But facilities that admit a mix of residents also offer some benefits. People in early and middle stage Alzheimer's often benefit from contact with non-Alzheimer's residents. The conversation and activities of these other residents can help those with Alzheimer's remain oriented, alert, and calm. If the facility permits residents to come and go freely, however, make sure that the facility pays close attention to the safety and security of residents with Alzheimer's. Some open facilities rely solely on the watchful eyes of staff to monitor the movements of Alzheimer's residents, while others add closed-circuit monitors, door alarms, or sensors (used with a wristband or other device) to alert staff when an unattended Alzheimer's resident wanders or attempts to leave the premises.
Perhaps the single most important quality to look for in a residential care facility is the staff's skill in dealing with Alzheimer's. Because it can be difficult to gauge staff skills during a brief visit or tour, you should try to visit a facility several times before making a final choice. Be sure to visit at different times of day, including meal times. Meals are the highlight of the day for most residents -- how well the staff helps residents in the dining room will have a big impact on how happy the residents are. Try to make a night visit also -- evening is an especially difficult time for those with Alzheimer's.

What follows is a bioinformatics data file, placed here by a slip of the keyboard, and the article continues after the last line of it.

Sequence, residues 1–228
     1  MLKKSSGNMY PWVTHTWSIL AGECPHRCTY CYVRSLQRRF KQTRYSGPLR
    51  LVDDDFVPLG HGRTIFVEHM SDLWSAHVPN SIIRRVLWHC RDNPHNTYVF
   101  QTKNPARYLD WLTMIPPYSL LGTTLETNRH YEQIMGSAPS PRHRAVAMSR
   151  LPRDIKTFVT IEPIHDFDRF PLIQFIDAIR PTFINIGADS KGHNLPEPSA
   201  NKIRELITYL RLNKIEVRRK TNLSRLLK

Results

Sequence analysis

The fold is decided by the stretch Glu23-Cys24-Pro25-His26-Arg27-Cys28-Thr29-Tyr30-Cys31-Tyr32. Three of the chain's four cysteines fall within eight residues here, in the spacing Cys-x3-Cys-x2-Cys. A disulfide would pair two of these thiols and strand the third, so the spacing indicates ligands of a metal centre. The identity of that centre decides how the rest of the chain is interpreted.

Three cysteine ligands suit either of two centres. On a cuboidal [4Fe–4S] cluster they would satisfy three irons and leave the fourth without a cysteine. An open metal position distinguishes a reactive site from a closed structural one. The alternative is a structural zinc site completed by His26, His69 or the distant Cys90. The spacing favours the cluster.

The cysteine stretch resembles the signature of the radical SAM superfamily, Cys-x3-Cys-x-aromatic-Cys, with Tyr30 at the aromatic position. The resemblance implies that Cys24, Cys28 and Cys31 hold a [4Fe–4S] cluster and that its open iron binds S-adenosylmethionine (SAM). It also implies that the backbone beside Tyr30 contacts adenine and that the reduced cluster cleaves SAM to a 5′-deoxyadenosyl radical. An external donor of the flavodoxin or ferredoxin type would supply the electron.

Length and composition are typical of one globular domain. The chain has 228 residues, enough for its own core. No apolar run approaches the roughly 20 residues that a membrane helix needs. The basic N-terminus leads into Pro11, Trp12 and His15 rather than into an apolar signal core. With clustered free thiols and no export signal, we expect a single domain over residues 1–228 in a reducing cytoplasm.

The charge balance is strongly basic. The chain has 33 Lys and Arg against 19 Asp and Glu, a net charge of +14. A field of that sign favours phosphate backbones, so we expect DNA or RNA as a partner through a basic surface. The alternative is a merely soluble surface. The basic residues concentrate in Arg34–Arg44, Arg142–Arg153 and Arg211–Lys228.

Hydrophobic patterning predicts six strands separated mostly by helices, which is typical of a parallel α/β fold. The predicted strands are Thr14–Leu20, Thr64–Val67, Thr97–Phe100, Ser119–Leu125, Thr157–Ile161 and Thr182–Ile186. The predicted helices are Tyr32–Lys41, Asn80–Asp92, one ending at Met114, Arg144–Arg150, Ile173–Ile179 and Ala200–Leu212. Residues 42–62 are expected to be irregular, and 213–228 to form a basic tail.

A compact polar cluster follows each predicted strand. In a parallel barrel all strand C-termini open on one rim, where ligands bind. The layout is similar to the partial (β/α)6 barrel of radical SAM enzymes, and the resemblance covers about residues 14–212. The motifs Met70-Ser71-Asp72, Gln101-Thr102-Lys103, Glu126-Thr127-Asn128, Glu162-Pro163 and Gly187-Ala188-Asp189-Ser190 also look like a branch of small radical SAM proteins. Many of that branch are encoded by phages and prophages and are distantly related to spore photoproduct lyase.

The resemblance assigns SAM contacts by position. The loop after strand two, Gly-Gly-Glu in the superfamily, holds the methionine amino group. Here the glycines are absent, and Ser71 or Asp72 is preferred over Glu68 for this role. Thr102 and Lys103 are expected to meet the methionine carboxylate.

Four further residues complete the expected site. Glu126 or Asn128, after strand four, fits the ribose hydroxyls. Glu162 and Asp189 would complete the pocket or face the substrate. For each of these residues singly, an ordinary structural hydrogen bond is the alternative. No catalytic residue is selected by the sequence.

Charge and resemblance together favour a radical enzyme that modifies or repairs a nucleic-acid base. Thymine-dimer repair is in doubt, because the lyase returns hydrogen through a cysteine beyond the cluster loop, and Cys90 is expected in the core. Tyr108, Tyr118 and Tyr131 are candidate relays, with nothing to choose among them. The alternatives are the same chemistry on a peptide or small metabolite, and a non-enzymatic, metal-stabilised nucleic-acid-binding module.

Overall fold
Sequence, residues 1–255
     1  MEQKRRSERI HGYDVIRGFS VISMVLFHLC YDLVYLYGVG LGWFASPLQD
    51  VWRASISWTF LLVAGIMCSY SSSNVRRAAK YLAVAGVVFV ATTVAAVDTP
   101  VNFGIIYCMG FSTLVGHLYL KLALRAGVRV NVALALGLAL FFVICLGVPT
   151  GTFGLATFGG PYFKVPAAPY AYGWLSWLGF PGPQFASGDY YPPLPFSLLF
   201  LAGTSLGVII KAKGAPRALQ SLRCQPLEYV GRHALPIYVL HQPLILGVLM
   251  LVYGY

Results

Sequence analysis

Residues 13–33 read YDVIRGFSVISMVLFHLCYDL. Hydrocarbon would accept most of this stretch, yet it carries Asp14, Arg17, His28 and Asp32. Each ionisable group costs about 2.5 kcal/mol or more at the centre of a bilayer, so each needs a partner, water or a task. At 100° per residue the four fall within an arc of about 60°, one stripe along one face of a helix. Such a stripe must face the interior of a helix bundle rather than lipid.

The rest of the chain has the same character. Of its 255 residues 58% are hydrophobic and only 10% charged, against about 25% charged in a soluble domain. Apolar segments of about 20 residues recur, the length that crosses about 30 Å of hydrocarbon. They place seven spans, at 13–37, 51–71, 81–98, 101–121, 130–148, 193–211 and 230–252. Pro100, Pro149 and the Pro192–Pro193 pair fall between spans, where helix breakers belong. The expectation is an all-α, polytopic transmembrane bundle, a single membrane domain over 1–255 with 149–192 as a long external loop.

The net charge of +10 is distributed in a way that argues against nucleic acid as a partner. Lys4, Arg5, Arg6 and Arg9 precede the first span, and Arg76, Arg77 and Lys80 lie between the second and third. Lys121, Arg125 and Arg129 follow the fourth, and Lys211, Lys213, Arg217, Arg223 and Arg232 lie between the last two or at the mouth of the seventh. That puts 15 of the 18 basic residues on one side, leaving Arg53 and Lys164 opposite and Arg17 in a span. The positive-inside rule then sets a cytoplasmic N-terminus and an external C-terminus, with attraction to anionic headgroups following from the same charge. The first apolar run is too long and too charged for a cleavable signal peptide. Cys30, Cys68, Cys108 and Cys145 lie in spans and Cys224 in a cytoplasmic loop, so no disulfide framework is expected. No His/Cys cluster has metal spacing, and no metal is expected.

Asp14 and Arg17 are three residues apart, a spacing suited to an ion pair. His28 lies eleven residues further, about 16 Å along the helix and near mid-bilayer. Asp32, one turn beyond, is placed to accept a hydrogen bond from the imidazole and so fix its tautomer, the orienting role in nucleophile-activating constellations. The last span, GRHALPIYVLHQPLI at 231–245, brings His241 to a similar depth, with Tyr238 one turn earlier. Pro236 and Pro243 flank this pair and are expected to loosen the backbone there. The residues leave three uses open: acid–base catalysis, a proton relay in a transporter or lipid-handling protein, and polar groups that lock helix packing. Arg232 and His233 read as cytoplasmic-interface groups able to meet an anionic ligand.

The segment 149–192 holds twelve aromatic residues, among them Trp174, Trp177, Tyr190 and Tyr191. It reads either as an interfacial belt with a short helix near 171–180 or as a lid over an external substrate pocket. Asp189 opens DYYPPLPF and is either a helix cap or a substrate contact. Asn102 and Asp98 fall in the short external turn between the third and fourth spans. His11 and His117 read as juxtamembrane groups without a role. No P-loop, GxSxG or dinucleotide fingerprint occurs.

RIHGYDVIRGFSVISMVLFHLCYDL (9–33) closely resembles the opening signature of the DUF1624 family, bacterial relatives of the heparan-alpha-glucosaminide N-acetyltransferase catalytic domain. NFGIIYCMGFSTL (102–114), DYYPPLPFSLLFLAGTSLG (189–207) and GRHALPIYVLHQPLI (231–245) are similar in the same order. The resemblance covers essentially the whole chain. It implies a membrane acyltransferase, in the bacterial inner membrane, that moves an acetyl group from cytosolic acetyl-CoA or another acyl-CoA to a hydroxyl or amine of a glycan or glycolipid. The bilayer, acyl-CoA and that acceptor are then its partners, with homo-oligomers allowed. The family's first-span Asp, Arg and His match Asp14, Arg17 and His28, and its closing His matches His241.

Your main focus should be on how the line staff -- the personal care aides who spend the most time with residents -- interact with their charges. Are they calm and soothing, or cold and abrupt? Do they treat the residents like children, or respectfully as adults? Do they acknowledge resident comments and requests and offer solutions, or do they simply try to quiet or distract residents? Try to observe the staff with the most seriously ill Alzheimer's patients -- this will be your best measure of staff attitudes and capabilities. Do the Alzheimer's residents seem comfortable with the staff? If a resident is distressed or disruptive (as many people with middle stage Alzheimer's can be), how well do staff members respond?